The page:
By the end of the 80’s truck drivers were required by law to have some sort of logging devices. However, the ones used back then were not required to be connected to the engine of the vehicle. Modern-day ELDs, on the other hand, are, which is a significant monitoring change.

The first move to mandate the use of such ELDs was made all the way back in the year 2000. Although it was not successful, the Federal Motor Carrier Safety Administration (FMCSA) did not give up. As a part of the DOT, they saw the ELDs as an opportunity to solve multiple issues, including reducing truck accidents and lowering paperwork costs. But how successful were they?

Partial ELD use and solving potential problems

Depending on who you ask the ELD mandate is just another arbitrary measure, an attempt to restrict truck drivers even more, or an understandable development for the industry. Perhaps everyone is at least partially right.

It is understandable that truck drivers and carriers want to have more freedom. They have been required to keep driving hour logs anyway, yet to many of them, ELD monitoring seems too intrusive. This is why in 2010 the DOT issued a kind of a compromising solution. The FMCSA could mandate the use of ELDS for drivers with track records of continued non-compliance with the hours of service legislation.

It seemed like everyone got what they wanted – bad drivers were monitored constantly, while the rest continued logging as usual. Thus most drivers were spared from the intrusiveness of the ELD, as they saw it.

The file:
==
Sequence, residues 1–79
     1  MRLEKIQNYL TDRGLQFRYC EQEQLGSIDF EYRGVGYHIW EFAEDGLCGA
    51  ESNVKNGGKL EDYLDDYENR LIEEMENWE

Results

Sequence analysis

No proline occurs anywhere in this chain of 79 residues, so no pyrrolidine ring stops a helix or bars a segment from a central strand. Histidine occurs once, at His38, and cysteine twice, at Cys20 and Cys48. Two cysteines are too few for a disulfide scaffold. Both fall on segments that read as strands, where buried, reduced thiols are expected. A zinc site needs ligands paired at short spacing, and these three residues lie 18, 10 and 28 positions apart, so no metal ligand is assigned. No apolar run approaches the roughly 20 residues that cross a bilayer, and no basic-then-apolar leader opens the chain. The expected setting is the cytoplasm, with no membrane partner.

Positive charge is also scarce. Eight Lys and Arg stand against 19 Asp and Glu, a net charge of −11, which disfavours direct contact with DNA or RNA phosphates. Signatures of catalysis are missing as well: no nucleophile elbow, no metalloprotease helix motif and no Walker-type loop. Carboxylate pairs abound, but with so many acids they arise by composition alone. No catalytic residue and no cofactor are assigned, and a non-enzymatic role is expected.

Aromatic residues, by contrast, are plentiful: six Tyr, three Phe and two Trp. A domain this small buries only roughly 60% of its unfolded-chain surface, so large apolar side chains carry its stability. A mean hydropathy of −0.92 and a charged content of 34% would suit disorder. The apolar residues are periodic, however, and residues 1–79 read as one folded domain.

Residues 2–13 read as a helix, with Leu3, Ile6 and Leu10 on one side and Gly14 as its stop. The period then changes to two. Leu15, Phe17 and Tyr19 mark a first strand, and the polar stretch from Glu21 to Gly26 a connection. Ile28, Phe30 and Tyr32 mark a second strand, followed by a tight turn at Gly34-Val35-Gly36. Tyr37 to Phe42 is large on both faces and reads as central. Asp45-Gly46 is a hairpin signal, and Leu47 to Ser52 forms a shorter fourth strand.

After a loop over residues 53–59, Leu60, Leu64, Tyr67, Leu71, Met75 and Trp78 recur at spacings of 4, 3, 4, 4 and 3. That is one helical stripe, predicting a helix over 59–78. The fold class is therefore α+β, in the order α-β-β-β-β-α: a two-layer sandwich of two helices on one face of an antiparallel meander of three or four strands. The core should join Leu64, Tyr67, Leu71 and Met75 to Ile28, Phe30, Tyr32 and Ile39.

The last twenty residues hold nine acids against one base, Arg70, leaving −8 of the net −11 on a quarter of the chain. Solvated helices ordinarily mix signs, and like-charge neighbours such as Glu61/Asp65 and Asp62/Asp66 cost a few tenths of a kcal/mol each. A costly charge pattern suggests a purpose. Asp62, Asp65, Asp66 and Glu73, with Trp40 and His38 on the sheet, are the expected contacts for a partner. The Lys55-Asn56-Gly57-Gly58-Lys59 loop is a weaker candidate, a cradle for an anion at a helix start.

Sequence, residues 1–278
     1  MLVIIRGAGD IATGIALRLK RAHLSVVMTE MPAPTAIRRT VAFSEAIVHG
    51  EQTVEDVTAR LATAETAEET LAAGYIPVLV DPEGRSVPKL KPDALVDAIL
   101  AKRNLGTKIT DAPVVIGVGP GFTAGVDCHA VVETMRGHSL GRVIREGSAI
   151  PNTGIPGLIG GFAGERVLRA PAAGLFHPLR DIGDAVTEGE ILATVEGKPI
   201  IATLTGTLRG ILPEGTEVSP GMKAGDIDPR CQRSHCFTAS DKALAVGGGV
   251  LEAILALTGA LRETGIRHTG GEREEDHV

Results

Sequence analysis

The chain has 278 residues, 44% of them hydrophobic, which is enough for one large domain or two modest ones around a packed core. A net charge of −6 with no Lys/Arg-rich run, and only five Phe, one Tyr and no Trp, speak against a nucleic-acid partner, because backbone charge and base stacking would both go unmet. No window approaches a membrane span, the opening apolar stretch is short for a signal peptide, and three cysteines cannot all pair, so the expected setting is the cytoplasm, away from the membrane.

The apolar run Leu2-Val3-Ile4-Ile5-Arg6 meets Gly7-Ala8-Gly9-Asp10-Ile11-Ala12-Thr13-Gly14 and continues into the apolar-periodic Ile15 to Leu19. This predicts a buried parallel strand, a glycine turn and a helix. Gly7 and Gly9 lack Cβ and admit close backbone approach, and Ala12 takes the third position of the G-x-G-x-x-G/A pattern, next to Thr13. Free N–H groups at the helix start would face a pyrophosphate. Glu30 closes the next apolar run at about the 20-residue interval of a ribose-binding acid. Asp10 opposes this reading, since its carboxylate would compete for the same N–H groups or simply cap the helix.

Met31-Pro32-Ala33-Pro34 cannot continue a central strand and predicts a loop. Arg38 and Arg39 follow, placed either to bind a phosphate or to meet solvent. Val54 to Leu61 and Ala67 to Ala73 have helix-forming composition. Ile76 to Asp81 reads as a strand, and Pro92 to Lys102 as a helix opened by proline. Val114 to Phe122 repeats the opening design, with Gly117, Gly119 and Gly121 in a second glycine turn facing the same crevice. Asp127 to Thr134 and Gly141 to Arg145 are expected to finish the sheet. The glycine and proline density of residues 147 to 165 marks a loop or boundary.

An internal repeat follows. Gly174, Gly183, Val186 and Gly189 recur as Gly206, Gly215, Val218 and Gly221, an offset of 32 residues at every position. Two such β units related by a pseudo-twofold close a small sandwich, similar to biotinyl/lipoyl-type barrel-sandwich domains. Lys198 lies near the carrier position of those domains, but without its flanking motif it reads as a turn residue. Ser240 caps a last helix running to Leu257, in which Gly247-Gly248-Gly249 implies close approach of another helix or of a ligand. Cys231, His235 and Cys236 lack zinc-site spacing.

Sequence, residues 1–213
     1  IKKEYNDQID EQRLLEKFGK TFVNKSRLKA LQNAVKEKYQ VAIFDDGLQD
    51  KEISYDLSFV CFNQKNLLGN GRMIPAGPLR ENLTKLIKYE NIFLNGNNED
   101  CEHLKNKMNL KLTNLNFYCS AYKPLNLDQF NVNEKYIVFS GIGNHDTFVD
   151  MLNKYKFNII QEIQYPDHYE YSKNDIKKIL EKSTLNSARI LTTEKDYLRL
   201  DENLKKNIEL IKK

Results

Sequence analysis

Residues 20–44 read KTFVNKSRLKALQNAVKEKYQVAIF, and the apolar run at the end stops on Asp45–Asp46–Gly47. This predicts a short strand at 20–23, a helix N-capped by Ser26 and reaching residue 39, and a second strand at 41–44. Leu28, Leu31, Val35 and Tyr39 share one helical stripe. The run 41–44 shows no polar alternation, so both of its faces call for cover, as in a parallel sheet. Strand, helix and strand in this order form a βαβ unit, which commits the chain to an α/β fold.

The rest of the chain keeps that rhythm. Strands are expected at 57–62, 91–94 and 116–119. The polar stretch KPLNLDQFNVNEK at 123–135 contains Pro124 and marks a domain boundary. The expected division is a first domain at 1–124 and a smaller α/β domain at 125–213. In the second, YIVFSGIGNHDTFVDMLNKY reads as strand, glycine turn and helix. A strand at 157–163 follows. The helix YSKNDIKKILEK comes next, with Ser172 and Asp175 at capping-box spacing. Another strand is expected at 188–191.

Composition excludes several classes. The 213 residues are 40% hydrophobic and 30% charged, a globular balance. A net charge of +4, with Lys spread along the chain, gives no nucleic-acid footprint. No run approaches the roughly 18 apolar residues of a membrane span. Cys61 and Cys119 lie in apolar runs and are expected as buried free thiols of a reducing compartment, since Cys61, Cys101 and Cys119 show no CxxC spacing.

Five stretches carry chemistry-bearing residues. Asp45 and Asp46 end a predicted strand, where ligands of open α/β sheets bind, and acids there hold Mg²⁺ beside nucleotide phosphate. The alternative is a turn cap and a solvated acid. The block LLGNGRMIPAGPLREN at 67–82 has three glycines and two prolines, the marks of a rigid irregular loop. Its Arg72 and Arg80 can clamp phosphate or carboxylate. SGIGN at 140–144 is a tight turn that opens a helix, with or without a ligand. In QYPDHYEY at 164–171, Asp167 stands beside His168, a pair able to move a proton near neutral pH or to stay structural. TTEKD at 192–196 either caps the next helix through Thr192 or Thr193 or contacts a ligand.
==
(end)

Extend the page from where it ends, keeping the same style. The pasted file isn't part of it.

Still, in 2012 the US Congress required the FMCSA to develop a rule, which would mandate the ELDs. Though this time around it was a bit different. The Congress saw the potential use of ELDs as methods of harassment and coercion against drivers. So they also required that all electronic logging devices should somehow address the issue.

That is how on December 16th, 2015, the ELD mandate came to be. It issued special guidelines that were handed to ELD manufacturers. Some of them had to do with the functionality of the device, as well as the logging mechanisms. Others were for protective measures against harassment that drivers could possibly face.

What are the current rules and regulations?

Although the mandate was signed into law at the end of 2015, the steps towards full compliance with it will take 4 years (or until December 16th, 2019). Along the way, there are a few important dates that you need to know, which have to do with the three phases of implementing the mandate.

The first phase has already gone by. It was from February 16th, 2016 to December 18th, 2017. During this transition phase, all logging methods were allowed. That meant that truck drivers and carriers could use logging software, paper logs, or older ELD-like devices, alongside modern ELDs.

We are currently in the second phase, which should last until December 16th, 2019. Drivers are now no longer allowed to use software or paper logs. The only options left are the current ELDs, or the older automatic onboard recording devices (AOBRDs).

After the end of phase two, we will go into the final phase, which requires full compliance. AOBRDs will not be allowed then, with ELDs remaining the only option for logging driving hours.

Is the ELD mandate a step that goes a bit too far?

What do you think about the mandate on the use of electronic logging devices? Are there better ways to go about it, or should ELDs be ditched altogether? We have covered a bit of this topic before when we talked about ELDS and the use of tachographs in Europe. It is an interesting read to go through if you want to know more about the different tracking solutions.

All in all, the use of an ELD is a complex issue. People are still transitioning to it and some concerns are popping up. Only time will tell how things are going to develop from now on. We can just hope that technology and surveillance will not consume each aspect of our lives.